Maintaining the Integrity of the Environment in an Arctic Delta During Modernization
Walker, H. Jesse; McGraw, M.
published: May 1, 2015
ArtNo. ESP023105902007, Price: 29.00 €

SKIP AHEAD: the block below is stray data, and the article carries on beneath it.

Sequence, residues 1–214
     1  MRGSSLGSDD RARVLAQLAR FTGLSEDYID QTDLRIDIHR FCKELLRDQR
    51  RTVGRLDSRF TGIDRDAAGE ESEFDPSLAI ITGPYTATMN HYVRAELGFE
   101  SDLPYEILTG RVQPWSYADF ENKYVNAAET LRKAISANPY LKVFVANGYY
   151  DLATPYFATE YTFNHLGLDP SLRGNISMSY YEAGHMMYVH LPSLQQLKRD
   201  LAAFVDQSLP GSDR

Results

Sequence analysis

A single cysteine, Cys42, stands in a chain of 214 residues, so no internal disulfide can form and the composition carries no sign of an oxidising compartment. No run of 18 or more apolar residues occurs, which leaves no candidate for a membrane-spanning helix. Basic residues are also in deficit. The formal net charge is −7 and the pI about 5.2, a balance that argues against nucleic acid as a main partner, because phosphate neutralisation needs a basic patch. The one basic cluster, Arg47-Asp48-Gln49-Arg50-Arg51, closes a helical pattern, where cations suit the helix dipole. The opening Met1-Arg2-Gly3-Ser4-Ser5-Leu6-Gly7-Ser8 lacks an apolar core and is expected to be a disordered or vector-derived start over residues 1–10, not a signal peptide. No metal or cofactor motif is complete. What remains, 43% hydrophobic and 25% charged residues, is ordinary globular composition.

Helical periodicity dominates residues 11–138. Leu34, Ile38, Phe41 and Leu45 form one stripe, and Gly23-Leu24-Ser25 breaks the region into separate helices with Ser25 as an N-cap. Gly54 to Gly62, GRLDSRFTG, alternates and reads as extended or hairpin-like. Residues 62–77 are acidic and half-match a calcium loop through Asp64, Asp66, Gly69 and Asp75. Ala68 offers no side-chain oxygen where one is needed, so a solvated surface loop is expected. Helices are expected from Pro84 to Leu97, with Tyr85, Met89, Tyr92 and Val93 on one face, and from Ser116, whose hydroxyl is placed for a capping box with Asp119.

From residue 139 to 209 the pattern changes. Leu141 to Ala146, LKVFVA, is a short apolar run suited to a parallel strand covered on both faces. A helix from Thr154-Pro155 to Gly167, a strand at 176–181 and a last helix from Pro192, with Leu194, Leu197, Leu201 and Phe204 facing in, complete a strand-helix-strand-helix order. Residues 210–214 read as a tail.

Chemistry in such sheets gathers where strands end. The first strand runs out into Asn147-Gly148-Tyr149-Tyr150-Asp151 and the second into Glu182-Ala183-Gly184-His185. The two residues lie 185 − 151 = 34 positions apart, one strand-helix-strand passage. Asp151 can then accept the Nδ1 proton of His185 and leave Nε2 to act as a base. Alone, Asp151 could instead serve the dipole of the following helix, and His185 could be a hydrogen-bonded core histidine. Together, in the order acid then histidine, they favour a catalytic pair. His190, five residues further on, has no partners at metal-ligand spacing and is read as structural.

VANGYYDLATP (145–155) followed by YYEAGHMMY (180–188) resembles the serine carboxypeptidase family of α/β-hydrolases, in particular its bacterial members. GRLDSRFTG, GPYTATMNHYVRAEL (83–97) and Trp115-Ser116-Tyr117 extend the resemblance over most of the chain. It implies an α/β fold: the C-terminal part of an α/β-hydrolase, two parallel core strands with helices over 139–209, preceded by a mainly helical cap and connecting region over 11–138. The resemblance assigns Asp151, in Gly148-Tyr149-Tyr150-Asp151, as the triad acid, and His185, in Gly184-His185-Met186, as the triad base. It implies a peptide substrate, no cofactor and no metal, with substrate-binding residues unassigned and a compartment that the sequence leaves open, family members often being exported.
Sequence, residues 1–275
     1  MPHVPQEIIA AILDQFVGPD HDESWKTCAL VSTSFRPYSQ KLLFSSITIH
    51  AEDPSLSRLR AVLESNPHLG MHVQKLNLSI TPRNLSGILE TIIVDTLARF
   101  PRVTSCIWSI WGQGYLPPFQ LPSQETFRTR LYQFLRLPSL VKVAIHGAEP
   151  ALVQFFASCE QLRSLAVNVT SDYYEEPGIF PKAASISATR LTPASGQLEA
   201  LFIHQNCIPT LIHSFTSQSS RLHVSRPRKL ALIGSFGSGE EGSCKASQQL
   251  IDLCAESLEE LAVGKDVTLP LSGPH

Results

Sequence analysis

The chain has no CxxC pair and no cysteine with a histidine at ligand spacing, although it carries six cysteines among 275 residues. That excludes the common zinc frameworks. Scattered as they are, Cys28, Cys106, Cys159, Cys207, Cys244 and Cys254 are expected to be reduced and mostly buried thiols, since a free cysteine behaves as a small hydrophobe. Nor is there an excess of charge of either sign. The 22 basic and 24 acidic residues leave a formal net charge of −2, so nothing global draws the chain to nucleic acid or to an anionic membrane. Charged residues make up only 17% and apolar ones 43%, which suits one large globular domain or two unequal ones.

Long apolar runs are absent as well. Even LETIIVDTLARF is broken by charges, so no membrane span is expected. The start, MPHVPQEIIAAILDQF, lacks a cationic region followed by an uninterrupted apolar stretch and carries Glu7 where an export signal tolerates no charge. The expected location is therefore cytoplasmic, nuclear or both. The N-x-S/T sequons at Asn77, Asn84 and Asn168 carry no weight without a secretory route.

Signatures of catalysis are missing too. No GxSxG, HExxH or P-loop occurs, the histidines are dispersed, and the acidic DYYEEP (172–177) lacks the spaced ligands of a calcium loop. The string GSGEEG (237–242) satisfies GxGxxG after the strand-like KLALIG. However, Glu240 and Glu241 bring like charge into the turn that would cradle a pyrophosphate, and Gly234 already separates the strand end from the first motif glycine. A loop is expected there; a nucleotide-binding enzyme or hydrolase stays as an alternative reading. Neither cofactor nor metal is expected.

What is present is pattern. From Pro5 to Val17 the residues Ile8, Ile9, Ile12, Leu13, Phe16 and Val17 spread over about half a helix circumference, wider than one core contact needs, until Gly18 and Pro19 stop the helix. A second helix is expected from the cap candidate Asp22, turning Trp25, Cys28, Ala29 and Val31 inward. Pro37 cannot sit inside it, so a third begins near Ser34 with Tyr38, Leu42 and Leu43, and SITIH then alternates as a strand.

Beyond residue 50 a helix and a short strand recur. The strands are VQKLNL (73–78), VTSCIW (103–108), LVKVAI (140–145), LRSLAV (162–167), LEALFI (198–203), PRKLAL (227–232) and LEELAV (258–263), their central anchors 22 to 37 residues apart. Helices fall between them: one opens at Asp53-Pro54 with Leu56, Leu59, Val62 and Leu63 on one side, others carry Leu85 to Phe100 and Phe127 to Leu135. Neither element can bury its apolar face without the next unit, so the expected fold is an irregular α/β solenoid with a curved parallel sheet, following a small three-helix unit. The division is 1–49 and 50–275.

Many parts of the Arctic are being modified by ever-increasing rates of political, industrial and commercial activity. Early developers gave little thought about their effect on the environment. One area now being subjected to modernization is the Colville River Delta in Arctic Alaska, USA. Although long a key location for Inuit fishing and hunting, remnants of their presence are a few turf-house foundations. Major changes began in 1973 when the town of Nuiqsut was founded. About the same time, the integrity of the Arctic was becoming a major concern, a concern that led to numerous governmental and industrial regulations. Changes to the Delta include the construction of numerous buildings insulated from the fragile tundra surface, the development of two major runways, the construction of a large oil field and its pipelines, and a road system. Successful construction in a permafrost-dominated landscape demands techniques that preserve its frozen characteristic. The geomorphic impact on the Delta has been minimal primarily for two reasons: strict regulation of construction on the North Slope and the recency of its development allowing developers to take advantage of the technological improvements that accompany arctic engineering.